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Researchers provide insight into patient health care and rehabilitation
The Australasian Rehabilitation Outcomes Centre (AROC), based at the University of Wollongong (UOW), last month participated in the Bendigo Health Critical Care Datathon.
It was the third time such an event had been held in Australia, with the aim of using data to provide a valuable insight into patient health care and rehabilitation.
AROC is the rehabilitation national clinical quality registry for Australia and New Zealand, part of the Australian Health Services Research Initiative (AHSRI).
The Datathon brought together clinicians, clinical students, and data scientists to work in teams over two days – September 8 and 9 – to ask and answer clinical questions using health system data as evidence.
Patrick Steele, Associate Fellow at AHSRI, said the UOW group was invited to participate because their data describes outcomes of care for people undertaking rehabilitation, following an episode of critical care.
AROC’s data was linked with Victorian Department of Health and Human Services Data as well as data from the Australia and New Zealand Intensive Care clinical registry to provide a deep insight into patient journeys in the Victorian health system, from first admission in hospital to rehabilitation.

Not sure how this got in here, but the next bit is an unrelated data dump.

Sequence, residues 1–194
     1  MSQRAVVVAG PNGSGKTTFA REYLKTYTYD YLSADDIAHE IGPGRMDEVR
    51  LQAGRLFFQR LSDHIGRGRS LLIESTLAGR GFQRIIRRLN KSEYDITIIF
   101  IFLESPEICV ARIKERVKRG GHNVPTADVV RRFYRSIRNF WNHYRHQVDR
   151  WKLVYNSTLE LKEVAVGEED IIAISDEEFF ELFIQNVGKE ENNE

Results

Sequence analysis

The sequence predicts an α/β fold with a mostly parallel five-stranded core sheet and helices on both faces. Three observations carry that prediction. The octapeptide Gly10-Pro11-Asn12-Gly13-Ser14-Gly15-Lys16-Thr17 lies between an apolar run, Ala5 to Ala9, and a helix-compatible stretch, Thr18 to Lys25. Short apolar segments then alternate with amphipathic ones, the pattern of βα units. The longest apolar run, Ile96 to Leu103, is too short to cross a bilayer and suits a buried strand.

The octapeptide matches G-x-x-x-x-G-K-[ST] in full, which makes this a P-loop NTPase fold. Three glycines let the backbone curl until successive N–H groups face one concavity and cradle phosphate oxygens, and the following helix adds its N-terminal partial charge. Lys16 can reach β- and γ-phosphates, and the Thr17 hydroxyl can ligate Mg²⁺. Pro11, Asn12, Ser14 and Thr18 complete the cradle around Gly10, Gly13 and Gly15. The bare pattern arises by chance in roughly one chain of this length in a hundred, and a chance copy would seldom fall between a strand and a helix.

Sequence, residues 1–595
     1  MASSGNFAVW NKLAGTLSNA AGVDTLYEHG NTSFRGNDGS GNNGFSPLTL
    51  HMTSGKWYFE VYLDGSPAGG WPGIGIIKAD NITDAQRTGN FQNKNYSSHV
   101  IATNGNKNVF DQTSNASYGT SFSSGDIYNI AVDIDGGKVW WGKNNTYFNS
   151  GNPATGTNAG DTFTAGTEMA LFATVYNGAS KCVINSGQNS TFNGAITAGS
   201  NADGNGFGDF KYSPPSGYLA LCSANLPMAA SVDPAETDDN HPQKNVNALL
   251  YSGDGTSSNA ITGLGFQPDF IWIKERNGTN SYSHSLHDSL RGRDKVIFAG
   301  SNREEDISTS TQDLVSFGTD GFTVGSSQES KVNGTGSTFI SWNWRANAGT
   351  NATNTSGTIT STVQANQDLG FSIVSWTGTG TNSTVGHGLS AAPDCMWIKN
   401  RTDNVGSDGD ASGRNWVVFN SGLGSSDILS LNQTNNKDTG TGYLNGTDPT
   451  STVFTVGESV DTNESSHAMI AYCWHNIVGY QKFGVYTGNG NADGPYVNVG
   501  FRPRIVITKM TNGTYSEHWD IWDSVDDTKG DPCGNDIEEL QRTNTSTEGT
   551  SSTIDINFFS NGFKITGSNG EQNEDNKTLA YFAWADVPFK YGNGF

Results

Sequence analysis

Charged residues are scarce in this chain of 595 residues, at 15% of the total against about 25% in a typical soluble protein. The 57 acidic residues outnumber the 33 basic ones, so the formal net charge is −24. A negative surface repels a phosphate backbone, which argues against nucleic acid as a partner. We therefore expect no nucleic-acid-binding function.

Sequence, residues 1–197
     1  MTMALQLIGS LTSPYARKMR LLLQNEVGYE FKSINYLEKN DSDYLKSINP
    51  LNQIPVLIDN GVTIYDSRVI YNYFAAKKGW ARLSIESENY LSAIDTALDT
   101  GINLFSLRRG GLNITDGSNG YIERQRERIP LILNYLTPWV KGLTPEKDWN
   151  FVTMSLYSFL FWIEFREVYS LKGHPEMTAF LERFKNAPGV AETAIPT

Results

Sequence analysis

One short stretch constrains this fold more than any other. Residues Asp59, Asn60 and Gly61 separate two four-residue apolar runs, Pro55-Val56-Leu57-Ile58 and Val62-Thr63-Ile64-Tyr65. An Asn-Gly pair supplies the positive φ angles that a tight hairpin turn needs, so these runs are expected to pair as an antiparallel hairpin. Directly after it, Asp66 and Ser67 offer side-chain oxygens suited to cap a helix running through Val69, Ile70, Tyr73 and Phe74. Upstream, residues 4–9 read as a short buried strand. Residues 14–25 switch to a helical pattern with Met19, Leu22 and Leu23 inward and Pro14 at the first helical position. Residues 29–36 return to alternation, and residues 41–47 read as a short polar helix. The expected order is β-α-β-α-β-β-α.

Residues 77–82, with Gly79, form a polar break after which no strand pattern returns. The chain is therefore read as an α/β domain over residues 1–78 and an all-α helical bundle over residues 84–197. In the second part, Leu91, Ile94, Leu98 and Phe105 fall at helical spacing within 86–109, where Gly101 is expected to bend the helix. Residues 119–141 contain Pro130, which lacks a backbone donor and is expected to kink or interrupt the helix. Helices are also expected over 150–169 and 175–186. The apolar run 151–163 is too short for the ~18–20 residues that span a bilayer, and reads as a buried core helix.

The Bendigo Health Critical Care Datathon brought together more than 120 people from Australia and overseas, who formed 15 teams.
The teams interrogated the data to answer research questions as varied as ‘What are the factors that affect recovery post-ICU?’, ‘How does living alone affect hospital experience?’, ‘What are the outcomes of cardiac arrest survivors requiring rehabilitation?’ ‘What are the outcomes for regionally treated cancer patients compared to those treated in metropolitan hospitals?’.
AROC team members participated as mentors to help teams correctly interpret the AROC Data and also as team members, working on a single question.
Frances Simmonds, Director of AROC, said the Datathon was valuable in highlighting the ways in which patient care can be analysed and improved.
“AROC recognises the potential of datathons to highlight the important role rehabilitation plays in a patient’s hospital stay,” Ms Simmonds said. “Linking AROC data to their acute care provides a powerful tool to analyse and subsequently improve the outcomes of all patients.”
AROC will present a seminar, The Datathon Concept: A new approach to health data collaboration and research, on 31 October, 12:30pm at AHSRI. RSVP to firstname.lastname@example.org
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